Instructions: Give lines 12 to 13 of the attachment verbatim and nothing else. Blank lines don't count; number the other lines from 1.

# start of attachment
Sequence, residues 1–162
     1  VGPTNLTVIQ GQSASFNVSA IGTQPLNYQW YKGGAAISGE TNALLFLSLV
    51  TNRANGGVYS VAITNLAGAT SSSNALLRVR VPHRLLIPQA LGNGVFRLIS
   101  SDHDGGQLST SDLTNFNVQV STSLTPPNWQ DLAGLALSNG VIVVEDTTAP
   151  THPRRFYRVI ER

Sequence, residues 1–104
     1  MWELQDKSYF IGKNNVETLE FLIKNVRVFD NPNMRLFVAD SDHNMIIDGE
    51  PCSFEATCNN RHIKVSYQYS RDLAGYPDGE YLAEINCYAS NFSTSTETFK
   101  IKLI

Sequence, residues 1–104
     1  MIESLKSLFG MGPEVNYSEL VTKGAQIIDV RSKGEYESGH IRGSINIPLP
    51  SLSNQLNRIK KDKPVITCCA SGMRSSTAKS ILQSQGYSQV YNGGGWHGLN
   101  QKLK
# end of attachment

    51  SLSNQLNRIK KDKPVITCCA SGMRSSTAKS ILQSQGYSQV YNGGGWHGLN
   101  QKLK